5. The meeting runs overtime
Meetings that extend past their allotted time are never good. It’s disrespectful to everyone’s schedule to not stick to the scheduled start and end time. The default meeting time should be 60 minutes, and it should be rare to extend beyond it. Keep meetings short and to the point.
So what to do about it?
Meetings are often seen as the same as paying taxes: it may be good for something, but it is hardly fun for anyone. And just like with taxes, we can’t make it more fun for you, but perhaps more convenient and less stressful. Here is some guidance and with these rules of conduct, you make meetings more effective, faster and less annoying. Hand them out, hang them up, or review them before a meeting.
1. The initiator must clearly state the purpose of the meeting.
If the goal is not clear, you may (and must!) be informed of this at any time. Does the goal not become sufficiently clear even after asking? Get up and go, as it would be a waste of time.
2. A meeting must have an end time in addition to a start time
Preferably with the agreement that people do not continue for another minute – no exceptions. A clock insight works wonders: being concise becomes a common responsibility. A meeting without an end time is an open invitation to keep going on endlessly.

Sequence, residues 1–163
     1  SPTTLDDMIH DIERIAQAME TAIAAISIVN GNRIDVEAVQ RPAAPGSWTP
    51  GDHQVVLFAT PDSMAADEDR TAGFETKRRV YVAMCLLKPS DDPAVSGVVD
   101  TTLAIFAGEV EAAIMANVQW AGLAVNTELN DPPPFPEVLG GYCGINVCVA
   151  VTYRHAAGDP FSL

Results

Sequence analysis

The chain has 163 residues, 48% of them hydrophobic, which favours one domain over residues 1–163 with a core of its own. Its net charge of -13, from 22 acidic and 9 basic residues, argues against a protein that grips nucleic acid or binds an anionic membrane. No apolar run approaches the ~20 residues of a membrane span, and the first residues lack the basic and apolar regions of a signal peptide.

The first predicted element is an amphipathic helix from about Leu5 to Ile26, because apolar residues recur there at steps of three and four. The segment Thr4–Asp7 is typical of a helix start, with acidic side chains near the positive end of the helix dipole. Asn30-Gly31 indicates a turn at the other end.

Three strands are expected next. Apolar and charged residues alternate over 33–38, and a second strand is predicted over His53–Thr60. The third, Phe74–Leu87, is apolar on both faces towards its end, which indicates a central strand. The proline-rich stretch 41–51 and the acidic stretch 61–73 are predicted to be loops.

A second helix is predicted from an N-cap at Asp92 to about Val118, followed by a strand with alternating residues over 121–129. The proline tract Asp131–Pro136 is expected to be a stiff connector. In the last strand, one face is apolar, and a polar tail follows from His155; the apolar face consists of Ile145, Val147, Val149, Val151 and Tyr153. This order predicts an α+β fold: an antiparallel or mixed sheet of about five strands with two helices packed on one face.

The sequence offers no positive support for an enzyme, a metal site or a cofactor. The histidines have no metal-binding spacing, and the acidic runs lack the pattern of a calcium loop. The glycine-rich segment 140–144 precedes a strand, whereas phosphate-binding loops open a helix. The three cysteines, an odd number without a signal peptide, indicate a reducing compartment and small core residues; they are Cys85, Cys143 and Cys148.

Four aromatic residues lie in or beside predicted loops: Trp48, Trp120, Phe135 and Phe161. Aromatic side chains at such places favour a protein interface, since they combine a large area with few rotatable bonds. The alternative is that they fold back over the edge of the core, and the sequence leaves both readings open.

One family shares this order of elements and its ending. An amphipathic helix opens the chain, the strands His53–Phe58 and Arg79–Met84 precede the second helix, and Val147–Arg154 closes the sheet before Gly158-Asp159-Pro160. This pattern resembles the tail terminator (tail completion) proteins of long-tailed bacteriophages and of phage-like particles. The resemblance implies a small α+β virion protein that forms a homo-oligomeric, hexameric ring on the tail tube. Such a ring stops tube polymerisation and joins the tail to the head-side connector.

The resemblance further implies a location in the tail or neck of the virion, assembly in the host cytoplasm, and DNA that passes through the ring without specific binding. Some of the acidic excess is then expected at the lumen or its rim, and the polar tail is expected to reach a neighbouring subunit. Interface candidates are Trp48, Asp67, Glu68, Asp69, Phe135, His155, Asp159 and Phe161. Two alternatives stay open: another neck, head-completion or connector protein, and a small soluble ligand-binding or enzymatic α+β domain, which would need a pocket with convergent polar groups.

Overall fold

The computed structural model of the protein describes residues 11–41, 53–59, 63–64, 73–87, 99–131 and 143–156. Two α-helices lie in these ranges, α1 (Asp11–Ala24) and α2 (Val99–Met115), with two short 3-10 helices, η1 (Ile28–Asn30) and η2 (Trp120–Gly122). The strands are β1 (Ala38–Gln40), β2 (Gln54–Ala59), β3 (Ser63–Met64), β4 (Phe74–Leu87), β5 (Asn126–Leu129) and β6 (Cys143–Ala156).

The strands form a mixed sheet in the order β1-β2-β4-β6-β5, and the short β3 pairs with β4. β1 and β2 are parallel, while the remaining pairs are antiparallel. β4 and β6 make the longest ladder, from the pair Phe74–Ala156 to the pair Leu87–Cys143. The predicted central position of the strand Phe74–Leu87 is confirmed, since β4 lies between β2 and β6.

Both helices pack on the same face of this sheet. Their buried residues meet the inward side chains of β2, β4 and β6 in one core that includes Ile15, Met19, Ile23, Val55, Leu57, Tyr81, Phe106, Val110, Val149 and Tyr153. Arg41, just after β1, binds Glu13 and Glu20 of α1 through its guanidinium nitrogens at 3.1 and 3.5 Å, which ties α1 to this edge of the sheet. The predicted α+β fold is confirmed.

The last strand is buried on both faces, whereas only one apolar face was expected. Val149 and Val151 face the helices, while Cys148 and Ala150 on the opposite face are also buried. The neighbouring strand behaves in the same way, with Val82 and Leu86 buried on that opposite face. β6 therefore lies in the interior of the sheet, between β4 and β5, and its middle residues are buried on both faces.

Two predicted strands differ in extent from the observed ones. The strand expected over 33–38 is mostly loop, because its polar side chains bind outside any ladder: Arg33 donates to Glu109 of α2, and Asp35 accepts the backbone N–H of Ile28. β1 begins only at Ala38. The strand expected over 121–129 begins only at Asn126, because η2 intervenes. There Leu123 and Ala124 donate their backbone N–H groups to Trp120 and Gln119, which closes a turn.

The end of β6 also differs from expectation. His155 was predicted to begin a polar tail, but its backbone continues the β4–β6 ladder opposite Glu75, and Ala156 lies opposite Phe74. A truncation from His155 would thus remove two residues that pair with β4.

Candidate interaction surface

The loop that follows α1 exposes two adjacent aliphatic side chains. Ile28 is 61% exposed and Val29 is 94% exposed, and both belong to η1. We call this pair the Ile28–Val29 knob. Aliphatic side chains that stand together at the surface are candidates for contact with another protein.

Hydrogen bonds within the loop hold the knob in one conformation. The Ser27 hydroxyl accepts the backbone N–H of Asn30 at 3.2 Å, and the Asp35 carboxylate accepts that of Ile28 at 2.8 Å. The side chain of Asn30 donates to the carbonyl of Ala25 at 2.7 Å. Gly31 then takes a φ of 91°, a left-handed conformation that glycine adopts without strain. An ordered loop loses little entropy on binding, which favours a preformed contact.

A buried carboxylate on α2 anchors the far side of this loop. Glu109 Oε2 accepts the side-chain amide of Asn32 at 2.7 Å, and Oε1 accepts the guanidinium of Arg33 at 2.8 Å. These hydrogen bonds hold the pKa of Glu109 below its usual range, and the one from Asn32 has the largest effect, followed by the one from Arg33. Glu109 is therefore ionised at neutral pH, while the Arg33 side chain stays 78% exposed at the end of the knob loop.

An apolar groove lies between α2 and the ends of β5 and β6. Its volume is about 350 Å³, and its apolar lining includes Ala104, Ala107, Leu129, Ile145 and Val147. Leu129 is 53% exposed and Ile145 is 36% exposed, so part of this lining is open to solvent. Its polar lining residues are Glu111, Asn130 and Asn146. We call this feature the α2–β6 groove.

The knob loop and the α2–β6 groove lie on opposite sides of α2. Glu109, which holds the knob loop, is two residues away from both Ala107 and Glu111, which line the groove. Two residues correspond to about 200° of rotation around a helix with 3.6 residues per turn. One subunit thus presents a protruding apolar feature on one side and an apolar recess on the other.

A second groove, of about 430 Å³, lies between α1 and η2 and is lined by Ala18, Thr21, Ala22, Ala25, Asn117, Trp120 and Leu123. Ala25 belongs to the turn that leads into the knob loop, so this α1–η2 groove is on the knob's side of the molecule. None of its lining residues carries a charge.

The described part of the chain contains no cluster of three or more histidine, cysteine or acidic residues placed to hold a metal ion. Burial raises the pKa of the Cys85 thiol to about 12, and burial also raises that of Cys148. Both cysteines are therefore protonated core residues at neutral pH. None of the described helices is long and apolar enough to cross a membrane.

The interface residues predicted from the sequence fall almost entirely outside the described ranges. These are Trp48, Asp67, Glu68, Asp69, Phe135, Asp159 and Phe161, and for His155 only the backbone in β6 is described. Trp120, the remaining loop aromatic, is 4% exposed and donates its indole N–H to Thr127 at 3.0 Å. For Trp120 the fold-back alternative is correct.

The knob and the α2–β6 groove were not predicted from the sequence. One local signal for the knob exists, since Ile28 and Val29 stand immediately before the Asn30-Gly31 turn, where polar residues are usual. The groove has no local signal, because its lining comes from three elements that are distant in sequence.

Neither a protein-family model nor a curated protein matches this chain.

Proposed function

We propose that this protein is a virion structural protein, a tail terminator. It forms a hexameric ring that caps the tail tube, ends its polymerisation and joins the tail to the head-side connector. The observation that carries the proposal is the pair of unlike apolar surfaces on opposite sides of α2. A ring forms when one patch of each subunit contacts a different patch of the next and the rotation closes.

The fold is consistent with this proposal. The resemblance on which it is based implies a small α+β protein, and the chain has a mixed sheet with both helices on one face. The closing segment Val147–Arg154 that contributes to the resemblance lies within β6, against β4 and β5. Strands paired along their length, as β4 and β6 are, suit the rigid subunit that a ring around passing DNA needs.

3. There is only one designated person to lead the meeting:
Usually it is the boss, but should also be the strictest person in the group.
4. Agree that points may only be made once.
The speaker will ensure that the point is highlighted as clearly and briefly as possible. “I want to come back to …” should not be allowed. This may seem trivial but may save a lot of time if followed to the letter.
5. Being distracted by a telephone is annoying, but sometimes unavoidable.
Repeating a point because you didn’t get it because of the distraction is undesirable. Taking others along in the distraction is simply not done. Better yet, I would say that all phones should be banned from a meeting
6. Other meeting pointers who can be punished with a yellow or red card: